An Indianapolis man was injured early Thursday morning when he was struck by lightning outside his home.
The incident happened at about midnight in the 400 block of South Butler Avenue.
UPDATE: This is part of my new series: “Another Isolated Incident.” Hey, if it works for other bloggers . . .
UPDATE x2 8-28-09 6:30 a.m.: For the record, since I see my point is already being misread and distorted by certain opponents of no-knock raids: the point here is not to make light of, or trivialize, the damage caused by search warrants executed on the wrong house. The only point I am making is that you can take any comparatively rare event and make it seem commonplace, simply by pointing out each instance of its occurrence. The fact that one can take rare events and make them seem commonplace by using this technique does not mean they are commonplace in a statistically meaningful sense.
I have chosen people getting struck by lightning for my examples, simply because that is the quintessential example of an event that people see as “rare.”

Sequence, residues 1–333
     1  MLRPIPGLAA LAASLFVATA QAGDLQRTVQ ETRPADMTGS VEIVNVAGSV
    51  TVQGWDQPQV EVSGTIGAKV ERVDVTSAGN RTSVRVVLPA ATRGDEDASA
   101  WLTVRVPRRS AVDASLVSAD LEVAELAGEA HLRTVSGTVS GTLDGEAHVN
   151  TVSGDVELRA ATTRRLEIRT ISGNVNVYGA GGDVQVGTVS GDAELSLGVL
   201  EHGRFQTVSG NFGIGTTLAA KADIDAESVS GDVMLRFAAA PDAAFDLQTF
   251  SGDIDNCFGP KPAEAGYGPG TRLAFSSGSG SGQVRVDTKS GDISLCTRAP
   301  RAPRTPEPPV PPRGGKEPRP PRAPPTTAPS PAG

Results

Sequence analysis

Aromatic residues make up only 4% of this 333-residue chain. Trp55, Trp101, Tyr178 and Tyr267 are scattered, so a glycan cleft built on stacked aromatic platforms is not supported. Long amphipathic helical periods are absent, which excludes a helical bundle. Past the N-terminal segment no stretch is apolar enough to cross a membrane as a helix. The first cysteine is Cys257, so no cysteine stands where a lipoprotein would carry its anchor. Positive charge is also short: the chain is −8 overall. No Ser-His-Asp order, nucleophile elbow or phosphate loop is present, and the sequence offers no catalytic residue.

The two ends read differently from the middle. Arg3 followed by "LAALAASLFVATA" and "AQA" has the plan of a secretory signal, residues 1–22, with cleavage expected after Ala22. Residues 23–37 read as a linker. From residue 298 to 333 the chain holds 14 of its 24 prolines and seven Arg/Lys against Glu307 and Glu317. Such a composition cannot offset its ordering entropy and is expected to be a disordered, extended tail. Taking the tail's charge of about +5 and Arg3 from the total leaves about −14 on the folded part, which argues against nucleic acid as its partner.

That does not mean that I am “comparing” or “drawing an analogy between” a random natural event and a phenomenon created by humans. It does not mean that I am arguing that such raids are not a problem, or that we don’t need to do anything to minimize them. Once again, the only point I am making is that you can take any comparatively rare event and make it seem commonplace, simply by pointing out each instance of its occurrence.
UPDATE x2 8-30-09: This comment further explains my position:
I’m putting the matter in perspective. You can be as disturbed as you like about even a single wrong-house raid; you can oppose drug raids or the drug war generally; go nuts! I’m not stopping you. Nor am I arguing that we shouldn’t take measures to stop such raids.
Am I making any argument regarding how many resources or how much effort we should put into stopping them? No, but I do expect that the point I am making should be taken into account as policymakers consider the matter. Fundamentally, I think that reporting every instance of these thing occurring is rhetorically effective, and if you oppose these raids, I can see why you’d report ‘em all. But I also think that, to the extent that running these incidents constantly under the title “Another Isolated Incident” suggests that the percentage of wrong-door raids is statistically significant, that suggestion is fallacious. The percentage may indeed be statistically significant, but if it is, that fact is not proved by evidence like “Look! It happened again!”
So my only “agenda” is to put the matter in perspective. That doesn’t mean we shouldn’t take it seriously.
What do you want to bet that my position will be portrayed otherwise — even though I link this post in every single post in the series?